What About The Victims Of Hackers?

Now the FBI and police have in their possession millions of credit-card numbers, together with the identities of the people who have been financially affected by these con artists ("Hacker hunters," Cover Story, June 6). Some may not even be aware they are victims.

Do the FBI and prosecutors intend to get in touch with the people whose identity and information have been stolen? Will the fraud victims be provided with the names of the cons that are being arrested so that they can try to recover any monetary damages through civil lawsuits? Does the FBI intend to provide information to assist victims in the difficult and time-consuming process of getting the three credit-reporting agencies to remedy the problems on their credit reports? Or will the victims' lives continue without any resolution of these woes?

Curtis Kropar


While I applaud BusinessWeek for covering product life-cycle management ("The worldwide work space," Information Technology, June 6), you define PLM as collaboration software alone. PLM is a business strategy that spans the entire life of a product, from design to manufacturing to maintenance and beyond. Consequently, the statistics used were only a small slice of the PLM market. The PLM market in 2004 was predicted to be $11 billion to $15 billion, more than twice what the article said. Moreover, the statistics used are based on company revenues, not end-user spending, and a significant set of revenues was left out: IBM's (IBM). IBM, as distributor of Dassault Syst?mes' PLM solutions, splits its revenues with Dassault Syst?mes 50-50. The DS-IBM partnership sells twice the amount of software and services as any other PLM vendor. Dassault Syst?mes is the worldwide PLM market leader.

Philippe Forestier

Dassault Syst?mes

Suresnes, France

Considering the willingness of President George W. Bush to greatly increase the customs duties to protect U.S. honey producers from Argentine competition and the similar action taken to protect U.S.-made steel from Argentine and Brazilian competition, I was quite surprised to read in "Here come Chinese cars" (News: The United States, June 6) about the quota of 26,000 American-made cars imposed by the Japanese (vs. 1.7 million Japanese cars imported into the U.S.). Either the Japanese don't like Detroit's products or something is very wrong with the automobile manufacturers' lobby in Washington.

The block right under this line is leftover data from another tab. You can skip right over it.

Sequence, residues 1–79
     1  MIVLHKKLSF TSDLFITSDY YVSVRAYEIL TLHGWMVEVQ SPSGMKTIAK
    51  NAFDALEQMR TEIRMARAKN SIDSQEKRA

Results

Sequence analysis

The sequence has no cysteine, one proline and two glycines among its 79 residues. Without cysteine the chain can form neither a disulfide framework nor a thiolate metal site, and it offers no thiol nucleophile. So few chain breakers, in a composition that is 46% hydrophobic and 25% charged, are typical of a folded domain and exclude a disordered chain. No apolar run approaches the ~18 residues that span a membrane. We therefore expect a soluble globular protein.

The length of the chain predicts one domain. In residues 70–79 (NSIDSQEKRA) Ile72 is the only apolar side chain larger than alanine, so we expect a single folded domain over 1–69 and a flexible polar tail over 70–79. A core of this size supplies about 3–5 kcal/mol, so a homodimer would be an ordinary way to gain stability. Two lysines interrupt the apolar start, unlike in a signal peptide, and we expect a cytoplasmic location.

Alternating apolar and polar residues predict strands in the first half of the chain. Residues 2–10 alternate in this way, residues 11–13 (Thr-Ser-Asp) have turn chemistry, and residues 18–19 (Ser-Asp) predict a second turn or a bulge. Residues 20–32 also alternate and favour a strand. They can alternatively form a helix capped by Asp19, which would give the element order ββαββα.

Claude Dechamps

Buenos Aires

Google Inc. (GOOG) IS doing the publishing industry a bigger favor than is appreciated by drawing attention to confusing, restrictive, and outmoded copyright laws ("Google this: 'Copyright law'," News: Analysis & Commentary, June 6). However, Google's model drives revenue from advertising, and only indirectly does this add new revenue streams to publishers and authors. The 5,000 books per week that Google hopes to scan will not directly allow these books to appear in print without being rescanned. Nor does Google modify character fonts to make them more legible for screen reading. The files produced by Google remain in the title of Google, not the author or publisher. So unless unless a book is already in stock, no reader is going to be able to buy a printed copy. Technology exists today to produce an accurate facsimile version of any book ready for printing, and it costs about $50 per title to provide the service. This is our company's business.

David Fraser, CEO

Digital Publishing Solutions Ltd.


Toyota's Hydrogen Man
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